Retirement on Beach

The Turn of the Tide

Is there change on the horizon? A recent article in Bloomberg Businessweek by Charles Stein details the disenchantment investors are experiencing with stock pickers. Mutual funds that invest in domestic equities have experienced a mass exodus of around $8 billion in redemptions this year alone through June 29th. That type of loss has them closing in on an unprecedented five straight years of withdrawals. This is according to the Investment Company Institute.

But while investors are fleeing the active managers, index funds that invest in U.S. stocks have had a positive influx every year since 2001 according to Morningstar. This growing problem of people evacuating mutual funds appears to be sitting solely in the lap of the active managers. At IFA, we don’t see this as a problem. We view it as an awakening.

Articles like this one are rare indeed. In April 1999, an anonymous writer for Fortune magazine wrote, “"By day we write about "Six Funds to Buy NOW!"... By night, we invest in sensible index funds. Unfortunately, pro-index fund stories don't sell magazines." At IFA, we have active managers as clients. It seems as though they know the right way to invest, but alas, the right way doesn’t make them money.

The trickling of funds from active to index isn’t the only transformation taking place. According to the article, investors are also investing more of their assets in international companies. The problem is most investors don’t know which of these countries is the right one. Is Germany ready to take off? Is Brazil the next emerging market power? Have I missed the boat on China? Turkey? Argentina? If people can’t predict which way a stock will move in the U.S. with any certainty, why would anyone be able to do so with international stocks? Like domestic equities, international stocks have everything baked into the price. The price on international equities is agreed upon by a willing buyer and a willing seller, the same way domestic stocks are agreed upon.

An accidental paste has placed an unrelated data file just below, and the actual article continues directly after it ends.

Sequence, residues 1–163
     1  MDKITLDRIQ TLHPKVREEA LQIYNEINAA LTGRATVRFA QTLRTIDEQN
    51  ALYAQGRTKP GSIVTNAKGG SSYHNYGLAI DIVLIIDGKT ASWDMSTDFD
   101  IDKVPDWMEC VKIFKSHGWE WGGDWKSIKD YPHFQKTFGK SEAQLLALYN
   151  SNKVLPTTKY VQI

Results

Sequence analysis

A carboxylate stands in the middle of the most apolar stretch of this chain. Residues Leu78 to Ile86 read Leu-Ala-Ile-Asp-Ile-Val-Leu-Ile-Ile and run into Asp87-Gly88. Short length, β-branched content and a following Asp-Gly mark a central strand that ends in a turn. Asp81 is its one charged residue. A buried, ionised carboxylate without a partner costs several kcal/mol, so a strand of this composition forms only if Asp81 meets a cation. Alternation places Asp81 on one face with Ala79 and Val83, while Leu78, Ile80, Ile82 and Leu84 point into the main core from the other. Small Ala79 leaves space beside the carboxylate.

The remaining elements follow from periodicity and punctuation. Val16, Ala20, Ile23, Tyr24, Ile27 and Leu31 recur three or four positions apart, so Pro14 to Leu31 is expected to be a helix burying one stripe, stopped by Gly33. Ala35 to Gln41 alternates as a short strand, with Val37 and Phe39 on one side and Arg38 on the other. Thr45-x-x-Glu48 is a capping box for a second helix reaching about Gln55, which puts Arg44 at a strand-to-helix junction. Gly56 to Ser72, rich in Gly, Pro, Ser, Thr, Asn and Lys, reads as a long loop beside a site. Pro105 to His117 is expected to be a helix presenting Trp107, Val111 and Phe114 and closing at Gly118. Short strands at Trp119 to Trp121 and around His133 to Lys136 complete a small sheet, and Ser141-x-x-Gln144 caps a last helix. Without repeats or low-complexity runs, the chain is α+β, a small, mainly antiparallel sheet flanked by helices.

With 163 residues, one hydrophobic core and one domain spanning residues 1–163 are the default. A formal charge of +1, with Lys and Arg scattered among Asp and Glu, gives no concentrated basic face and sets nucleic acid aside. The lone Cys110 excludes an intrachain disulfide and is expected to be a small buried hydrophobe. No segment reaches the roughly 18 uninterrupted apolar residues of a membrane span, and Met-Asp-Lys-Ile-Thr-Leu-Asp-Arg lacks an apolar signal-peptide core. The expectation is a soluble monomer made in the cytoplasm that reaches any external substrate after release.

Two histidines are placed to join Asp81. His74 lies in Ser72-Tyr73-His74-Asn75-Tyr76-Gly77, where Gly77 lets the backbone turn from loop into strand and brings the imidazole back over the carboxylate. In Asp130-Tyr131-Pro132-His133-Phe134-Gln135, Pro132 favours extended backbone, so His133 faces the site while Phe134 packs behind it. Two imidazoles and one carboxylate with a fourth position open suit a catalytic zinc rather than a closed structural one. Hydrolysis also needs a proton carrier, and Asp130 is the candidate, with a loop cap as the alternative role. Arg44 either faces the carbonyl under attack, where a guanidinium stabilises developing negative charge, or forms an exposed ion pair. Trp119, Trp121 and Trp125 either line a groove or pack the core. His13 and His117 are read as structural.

Below are dynamic charts that shows just how random returns across various asset classes and countries actually are.

Borrowing the definition from a recent Vanguard study,

"Tactical asset allocation (TAA) is a dynamic strategy that actively adjusts a portfolio's strategic asset allocation (SAA) based on short-term market forecasts. Its objective is to systematically exploit inefficiencies or temporary imbalances among different asset or sub-asset classes."

To put it more succinctly, TAA is simply market-timing but with only a set portion of the whole portfolio. For example, an institution may have an SAA of 60% equities and 40% fixed income, but utilization of TAA may allow the equity allocation to vary between 50% and 70% and the fixed income allocation to vary between 30% and 50%. This is equivalent to saying that 80% of the portfolio will have a 60/40 allocation while market-timing (or style-picking) will be performed with the remaining 20%. For institutional investors, TAA occurs at two levels: Investment consultants allocating funds among different asset class managers and investment fund managers allocating funds among different asset classes and sub-asset classes.

It is IFA's position that TAA is a futile exercise because market-timing and style-picking are unproductive at best, and potentially quite destructive at worst. TAA is merely one more attempt by active consultants and managers to deliver the ever-elusive alpha, which as shown in a previous article, has not been reliably achieved through security selection.

So while people continue to stumble in the dark through the active investing landscape towards the light that is passive, IFA will keep talking people home every step of the way.  And fortunately, it appears people are beginning to walk towards the light rather than shielding their eyes from it.

Listen to the orginal IFA Radio's Episode 82: Airs 7/24/11